Judge Rules Against Vivendi In Veoh Case; Ruled Veoh Satisfied DMCA Criteria

“Veoh has shown that when it did acquire knowledge of allegedly infringing material — whether from DMCA notices, informal notices, or other means — it expeditiously removed such material, and UMG has failed to rebut that showing,” stated a court order by the U.S. District Court for the Central District of California. The Court made a ruling against Universal Music Group for its 2007 lawsuit against Veoh Networks Inc. Whenever Veoh received a DMCA takedown notie, they quickly reacted and removed the material.

UMG failed to show an appropriate rebuttal of Veoh’s proactive removal of copyrighted material. Universal said that the ruling was “wrong” and that they plan to appeal. “The balance between copyright holders and technology that Congress sought in enacting the DMCA has been upended by this decision,” stated Universal Music. The Veoh vs. Universal Music lawsuit was closely watched by media companies because Viacom has a pending lawsuit against Google over copyright material being uploaded on YouTube.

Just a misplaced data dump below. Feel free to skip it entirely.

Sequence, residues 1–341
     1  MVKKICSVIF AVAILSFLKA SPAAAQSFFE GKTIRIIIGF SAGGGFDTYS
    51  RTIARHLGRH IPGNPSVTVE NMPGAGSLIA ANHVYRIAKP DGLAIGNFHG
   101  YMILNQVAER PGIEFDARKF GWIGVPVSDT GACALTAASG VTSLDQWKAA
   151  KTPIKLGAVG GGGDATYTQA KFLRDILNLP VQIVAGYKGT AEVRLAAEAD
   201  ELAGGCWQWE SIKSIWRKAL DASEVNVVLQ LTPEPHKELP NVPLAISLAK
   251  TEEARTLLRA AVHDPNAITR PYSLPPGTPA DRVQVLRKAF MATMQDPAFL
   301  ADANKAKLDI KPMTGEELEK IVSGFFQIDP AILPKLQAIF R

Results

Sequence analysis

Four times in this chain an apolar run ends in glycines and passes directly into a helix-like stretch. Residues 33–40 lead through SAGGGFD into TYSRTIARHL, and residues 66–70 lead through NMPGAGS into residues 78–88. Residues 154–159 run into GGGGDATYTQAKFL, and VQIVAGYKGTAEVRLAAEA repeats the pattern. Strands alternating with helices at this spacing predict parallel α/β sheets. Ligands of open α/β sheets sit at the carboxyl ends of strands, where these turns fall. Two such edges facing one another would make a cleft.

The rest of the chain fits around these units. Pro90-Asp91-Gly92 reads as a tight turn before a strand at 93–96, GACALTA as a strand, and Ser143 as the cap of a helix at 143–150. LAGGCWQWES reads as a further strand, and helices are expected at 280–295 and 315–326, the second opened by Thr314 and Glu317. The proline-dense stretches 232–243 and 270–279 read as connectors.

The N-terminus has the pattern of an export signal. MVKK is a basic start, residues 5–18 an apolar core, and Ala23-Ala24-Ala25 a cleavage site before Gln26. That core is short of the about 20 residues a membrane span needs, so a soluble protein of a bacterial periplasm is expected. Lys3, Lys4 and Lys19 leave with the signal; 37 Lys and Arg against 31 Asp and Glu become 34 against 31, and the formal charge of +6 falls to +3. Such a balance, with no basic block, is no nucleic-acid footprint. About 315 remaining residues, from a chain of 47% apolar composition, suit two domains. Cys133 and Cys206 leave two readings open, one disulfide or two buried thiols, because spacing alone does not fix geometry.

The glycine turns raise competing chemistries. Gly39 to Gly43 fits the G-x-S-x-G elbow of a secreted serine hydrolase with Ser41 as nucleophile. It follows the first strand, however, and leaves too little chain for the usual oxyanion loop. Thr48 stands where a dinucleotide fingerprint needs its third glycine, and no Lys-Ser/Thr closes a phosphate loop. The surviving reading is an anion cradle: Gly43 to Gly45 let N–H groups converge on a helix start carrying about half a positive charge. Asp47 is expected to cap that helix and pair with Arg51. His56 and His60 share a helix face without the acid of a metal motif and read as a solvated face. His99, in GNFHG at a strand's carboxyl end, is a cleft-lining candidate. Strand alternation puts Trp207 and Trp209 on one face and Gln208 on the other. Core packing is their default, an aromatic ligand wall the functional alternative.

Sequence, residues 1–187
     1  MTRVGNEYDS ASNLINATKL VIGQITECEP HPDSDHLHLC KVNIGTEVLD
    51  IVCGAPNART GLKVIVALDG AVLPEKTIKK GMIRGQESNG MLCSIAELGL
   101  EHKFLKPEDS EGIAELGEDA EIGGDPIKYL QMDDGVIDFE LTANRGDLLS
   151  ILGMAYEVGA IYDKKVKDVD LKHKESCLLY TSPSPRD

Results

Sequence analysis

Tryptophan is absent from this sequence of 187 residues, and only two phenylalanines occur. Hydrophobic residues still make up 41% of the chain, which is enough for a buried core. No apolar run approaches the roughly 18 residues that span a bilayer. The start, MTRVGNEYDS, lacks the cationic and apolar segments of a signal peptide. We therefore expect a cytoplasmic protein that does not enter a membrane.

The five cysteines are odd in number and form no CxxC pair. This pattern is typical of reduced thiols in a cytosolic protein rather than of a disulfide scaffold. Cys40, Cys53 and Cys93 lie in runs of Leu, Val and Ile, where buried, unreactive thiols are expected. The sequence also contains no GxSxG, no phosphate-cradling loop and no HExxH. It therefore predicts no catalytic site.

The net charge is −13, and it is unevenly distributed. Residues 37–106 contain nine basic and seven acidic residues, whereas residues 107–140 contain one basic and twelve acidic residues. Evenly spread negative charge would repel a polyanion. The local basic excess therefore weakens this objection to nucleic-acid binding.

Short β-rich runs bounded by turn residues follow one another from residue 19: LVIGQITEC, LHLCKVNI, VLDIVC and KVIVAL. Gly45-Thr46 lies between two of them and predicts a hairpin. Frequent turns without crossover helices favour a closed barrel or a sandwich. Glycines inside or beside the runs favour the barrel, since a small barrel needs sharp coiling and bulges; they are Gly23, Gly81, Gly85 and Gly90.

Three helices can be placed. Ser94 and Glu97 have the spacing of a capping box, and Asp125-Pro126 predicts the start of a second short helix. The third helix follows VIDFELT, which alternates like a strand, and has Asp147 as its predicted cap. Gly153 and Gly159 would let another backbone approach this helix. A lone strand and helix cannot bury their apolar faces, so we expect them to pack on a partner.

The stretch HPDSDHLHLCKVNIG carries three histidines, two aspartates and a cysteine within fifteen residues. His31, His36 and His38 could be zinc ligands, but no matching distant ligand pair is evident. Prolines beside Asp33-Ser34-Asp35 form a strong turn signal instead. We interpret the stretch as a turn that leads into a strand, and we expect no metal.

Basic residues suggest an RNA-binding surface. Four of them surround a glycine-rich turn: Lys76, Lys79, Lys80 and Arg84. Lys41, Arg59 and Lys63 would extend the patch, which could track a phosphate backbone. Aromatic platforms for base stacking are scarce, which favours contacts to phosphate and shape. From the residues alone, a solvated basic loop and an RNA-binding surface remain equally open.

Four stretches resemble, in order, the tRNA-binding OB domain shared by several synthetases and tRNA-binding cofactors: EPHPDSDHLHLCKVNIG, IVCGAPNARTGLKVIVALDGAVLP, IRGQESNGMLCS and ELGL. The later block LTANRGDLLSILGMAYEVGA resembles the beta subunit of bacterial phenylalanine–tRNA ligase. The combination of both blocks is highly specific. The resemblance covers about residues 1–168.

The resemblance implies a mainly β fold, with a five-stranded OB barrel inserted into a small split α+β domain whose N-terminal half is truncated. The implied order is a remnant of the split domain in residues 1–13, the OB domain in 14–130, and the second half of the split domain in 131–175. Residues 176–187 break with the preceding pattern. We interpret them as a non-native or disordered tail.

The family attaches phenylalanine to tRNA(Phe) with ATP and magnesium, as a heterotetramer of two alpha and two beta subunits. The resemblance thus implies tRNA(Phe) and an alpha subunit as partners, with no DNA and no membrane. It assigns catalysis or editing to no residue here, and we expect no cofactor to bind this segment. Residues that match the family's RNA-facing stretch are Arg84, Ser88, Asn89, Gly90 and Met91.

Dmitry Shapiro, the founder of Veoh said that the lawsuit was costly and dragged on for two years. Veoh has venture funding from Goldman Sachs, Time Warner, Spark Capital, Intel, etc.

Veoh raised about $70 million in total funding and is not profitable as of yet, but they expected to be by the second quarter of 2010. Veoh is exploring the possibilities of either selling themselves or raising additional investment.

This article was written by Amit Chowdhry. You can follow me at @amitchowdhry or on Google+ at
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